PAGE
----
Posted in Personal life, Self-publishing, Writing

The End of an Era and the Beginning of a New One

A post about my new life as a full-time novelist

Debbie with ALLi friends in selfie shot
Celebrating the launch of “Opening Up To Indie Authors”, a book I co-wrote with Dan Holloway (right), at the London Book Fair – with fellow authors Jessica Bell, Hugh Howey and Orna Ross and Kobo’s UK Director Diego Marano

In just two weeks’ time, it’ll be all change for me as I leave the closest thing I have to a day-job to devote all my time to writing and marketing my books.

In some respects there’ll be no change, in that my commute will be exactly the same: from bedroom to study, just six paces. But instead of  working for the Alliance of Independent Authors (ALLi, as in “ally”), I’ll be working entirely for myself.

All about ALLi

ALLi logoIn case you’re not familiar with ALLi, let me explain a little about what it is, what it does, and what I did there. ALLi is a global, non-profit organisation for independent authors to share best practice and support, founded by Irish author and poet Orna Ross in 2012.

Debbie on the terrace of the House of Commons with an ALLi flyer
Raising awareness of ALLi at the House of Commons, July 2015, at the All Party Writers’ Group Summer Drinks Party

In 2013, Orna invited me to be Commissioning Editor of its daily blog (www.selfpublishingadvice.org), and that role soon expanded. I moderated its members’-only advice forum, co-wrote self-help books for authors in ALLi’s series of guidebooks, wrote ALLi-related guest posts on other blogs, helped man its stand at the London Book Fair, and spoke on ALLi’s behalf at various festivals and writing events around the country. As an offshoot, I also started two writers’ groups, one in Cheltenham and one in Bristol, whose membership I had to restrict to ALLi members only to keep the numbers manageable.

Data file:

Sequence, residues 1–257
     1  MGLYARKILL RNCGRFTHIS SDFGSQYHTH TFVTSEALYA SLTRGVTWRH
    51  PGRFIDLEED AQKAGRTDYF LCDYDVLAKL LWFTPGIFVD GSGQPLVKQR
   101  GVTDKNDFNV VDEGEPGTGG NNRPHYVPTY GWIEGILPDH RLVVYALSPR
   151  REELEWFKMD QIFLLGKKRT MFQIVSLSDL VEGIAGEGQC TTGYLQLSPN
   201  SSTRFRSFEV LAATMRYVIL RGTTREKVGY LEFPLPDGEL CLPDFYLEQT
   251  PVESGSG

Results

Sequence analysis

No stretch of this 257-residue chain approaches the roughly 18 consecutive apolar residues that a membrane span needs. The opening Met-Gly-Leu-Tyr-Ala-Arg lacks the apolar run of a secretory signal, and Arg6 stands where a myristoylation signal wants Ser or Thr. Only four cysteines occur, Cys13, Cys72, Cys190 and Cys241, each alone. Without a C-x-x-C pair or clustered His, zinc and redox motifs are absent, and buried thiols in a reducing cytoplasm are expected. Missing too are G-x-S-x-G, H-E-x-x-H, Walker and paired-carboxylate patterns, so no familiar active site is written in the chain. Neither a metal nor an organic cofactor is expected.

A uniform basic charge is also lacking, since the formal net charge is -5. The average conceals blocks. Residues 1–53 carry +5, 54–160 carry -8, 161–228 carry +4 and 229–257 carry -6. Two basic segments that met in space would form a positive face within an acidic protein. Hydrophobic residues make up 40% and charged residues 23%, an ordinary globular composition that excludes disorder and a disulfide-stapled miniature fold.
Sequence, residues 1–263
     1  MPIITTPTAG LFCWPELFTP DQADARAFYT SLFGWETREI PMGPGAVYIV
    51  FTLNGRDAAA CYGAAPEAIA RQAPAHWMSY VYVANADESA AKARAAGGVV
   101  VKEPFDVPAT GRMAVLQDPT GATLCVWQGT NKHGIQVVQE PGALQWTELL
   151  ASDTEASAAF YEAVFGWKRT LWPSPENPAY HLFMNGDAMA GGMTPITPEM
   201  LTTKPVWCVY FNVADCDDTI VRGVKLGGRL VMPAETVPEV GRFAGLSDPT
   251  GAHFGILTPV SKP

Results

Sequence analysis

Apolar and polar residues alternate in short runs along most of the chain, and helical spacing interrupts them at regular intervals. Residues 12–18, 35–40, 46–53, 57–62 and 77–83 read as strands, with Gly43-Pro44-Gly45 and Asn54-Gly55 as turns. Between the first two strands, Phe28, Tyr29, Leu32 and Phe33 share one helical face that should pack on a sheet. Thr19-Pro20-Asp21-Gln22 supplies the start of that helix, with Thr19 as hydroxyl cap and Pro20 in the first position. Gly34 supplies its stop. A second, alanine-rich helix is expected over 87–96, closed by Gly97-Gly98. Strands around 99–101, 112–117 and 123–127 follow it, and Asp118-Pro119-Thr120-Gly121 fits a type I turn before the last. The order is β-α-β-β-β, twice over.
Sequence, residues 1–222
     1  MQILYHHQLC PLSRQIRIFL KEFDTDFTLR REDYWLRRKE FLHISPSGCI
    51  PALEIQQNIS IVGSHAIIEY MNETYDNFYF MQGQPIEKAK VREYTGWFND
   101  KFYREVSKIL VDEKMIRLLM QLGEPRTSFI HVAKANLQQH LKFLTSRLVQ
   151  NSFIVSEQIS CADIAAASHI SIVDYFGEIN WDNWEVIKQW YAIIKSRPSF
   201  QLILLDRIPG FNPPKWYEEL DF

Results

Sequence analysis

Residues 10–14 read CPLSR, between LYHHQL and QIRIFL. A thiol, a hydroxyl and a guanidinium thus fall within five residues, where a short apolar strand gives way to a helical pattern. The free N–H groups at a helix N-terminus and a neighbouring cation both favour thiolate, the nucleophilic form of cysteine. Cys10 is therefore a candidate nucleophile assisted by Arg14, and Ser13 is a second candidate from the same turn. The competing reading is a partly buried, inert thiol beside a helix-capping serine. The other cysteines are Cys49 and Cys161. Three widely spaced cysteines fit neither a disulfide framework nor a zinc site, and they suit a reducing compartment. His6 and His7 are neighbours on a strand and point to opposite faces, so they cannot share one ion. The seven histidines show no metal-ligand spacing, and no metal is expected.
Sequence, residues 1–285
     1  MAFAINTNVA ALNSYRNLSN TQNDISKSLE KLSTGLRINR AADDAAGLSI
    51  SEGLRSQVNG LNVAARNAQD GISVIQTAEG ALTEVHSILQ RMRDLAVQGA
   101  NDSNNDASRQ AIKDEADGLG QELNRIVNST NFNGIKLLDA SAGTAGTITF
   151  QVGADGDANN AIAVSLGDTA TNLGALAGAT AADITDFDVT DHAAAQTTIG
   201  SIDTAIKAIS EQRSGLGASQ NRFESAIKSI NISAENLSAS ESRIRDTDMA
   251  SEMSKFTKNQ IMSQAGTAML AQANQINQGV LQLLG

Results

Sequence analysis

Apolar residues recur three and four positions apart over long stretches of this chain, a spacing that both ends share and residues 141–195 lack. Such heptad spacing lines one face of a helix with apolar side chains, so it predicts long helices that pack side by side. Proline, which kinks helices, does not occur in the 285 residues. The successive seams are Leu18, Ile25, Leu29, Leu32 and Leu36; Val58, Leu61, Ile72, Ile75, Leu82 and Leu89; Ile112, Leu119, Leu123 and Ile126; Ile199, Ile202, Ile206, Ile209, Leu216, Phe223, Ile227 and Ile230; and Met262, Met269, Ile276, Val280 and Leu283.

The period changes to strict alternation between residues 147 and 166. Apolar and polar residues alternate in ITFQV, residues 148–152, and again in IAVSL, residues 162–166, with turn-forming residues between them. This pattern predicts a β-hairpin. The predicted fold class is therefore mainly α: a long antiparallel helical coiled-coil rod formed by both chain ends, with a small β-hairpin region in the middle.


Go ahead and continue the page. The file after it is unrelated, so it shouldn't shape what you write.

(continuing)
With a new blog post required every day, and to a specific deadline, my ALLi work had to take priority – and for a long time I hugely enjoyed it, not least because I was networking online daily with all manner of authors all over the world, and learning an enormous amount along the way, particularly from Orna herself, who had become a real mentor to me in my writing as well as in my role at ALLi.

And Plenty More Besides

Orna Ross (left) has been part of the Hawkesbury Upton Lit Fest from the beginning – pictured here with Katie Fforde at the first ever HULF (Photo by http://www.pixelprphotography.co.uk)

I also managed to fit in a reasonable amount of writing (I’ve published five novels in the last two years), public speaking on my own account, and running the Hawkesbury Upton Literature Festival, of which the fifth is about to take place (Saturday 27th April). However, around Christmas time, with my work-in-progress novel beset by a series of delays, I realised that if I was to achieve my long-term writng goals, something would have to give. I was operating on as little sleep and as little housework as I could get away with, and there were still never enough hours in the day. A series of minor illnesses (all now thankfully resolved) underscored the message that I was simply trying to do too much.